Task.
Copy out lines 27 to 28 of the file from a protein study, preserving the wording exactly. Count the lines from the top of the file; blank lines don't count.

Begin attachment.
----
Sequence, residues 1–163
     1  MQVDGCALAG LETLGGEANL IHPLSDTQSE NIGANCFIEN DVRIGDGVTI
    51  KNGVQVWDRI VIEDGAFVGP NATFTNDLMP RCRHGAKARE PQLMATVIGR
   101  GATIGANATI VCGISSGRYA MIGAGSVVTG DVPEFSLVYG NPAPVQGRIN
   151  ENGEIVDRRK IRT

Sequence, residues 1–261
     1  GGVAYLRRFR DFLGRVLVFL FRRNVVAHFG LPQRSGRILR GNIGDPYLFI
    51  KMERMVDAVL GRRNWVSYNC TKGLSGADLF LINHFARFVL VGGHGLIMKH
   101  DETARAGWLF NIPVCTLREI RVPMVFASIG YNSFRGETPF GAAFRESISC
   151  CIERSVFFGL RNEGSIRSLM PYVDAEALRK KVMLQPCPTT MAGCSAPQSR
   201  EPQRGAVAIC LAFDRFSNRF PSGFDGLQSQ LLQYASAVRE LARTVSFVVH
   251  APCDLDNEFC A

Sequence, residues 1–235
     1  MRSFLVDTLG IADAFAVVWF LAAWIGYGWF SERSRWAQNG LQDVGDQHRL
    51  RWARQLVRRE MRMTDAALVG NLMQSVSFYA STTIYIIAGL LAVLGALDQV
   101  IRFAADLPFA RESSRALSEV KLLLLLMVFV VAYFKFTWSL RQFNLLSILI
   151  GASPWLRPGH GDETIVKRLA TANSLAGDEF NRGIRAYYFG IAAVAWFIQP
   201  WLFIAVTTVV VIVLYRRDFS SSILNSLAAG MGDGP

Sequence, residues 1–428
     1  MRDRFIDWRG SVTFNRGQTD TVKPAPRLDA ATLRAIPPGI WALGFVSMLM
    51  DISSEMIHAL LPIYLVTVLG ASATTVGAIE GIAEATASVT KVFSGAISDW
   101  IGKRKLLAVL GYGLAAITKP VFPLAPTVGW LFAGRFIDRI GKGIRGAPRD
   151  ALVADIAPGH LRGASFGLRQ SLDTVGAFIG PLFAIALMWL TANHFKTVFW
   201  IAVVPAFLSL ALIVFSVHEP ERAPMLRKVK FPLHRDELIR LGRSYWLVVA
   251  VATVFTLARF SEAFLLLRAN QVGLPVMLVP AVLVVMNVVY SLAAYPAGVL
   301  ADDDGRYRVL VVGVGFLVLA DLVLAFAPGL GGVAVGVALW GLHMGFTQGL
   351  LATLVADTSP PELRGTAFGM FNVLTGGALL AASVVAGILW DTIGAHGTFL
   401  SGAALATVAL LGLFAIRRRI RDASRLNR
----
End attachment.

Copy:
   351  LATLVADTSP PELRGTAFGM FNVLTGGALL AASVVAGILW DTIGAHGTFL
   401  SGAALATVAL LGLFAIRRRI RDASRLNR